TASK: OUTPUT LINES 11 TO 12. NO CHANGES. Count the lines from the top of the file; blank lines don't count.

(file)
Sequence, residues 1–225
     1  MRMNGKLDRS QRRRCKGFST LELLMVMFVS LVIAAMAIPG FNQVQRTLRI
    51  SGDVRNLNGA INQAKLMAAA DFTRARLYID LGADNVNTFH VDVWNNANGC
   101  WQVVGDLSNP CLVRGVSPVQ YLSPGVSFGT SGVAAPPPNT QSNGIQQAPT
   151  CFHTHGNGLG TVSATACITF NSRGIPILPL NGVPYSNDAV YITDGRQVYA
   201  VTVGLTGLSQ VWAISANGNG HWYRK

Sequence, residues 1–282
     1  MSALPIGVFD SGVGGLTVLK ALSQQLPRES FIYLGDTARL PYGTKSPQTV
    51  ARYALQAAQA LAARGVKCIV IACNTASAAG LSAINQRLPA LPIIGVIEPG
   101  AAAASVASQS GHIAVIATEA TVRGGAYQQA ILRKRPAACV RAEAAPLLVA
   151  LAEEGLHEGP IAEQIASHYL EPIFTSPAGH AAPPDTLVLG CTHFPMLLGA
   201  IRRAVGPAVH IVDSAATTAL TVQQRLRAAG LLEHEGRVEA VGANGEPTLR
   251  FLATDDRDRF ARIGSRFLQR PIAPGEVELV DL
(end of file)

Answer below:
   151  LAEEGLHEGP IAEQIASHYL EPIFTSPAGH AAPPDTLVLG CTHFPMLLGA
   201  IRRAVGPAVH IVDSAATTAL TVQQRLRAAG LLEHEGRVEA VGANGEPTLR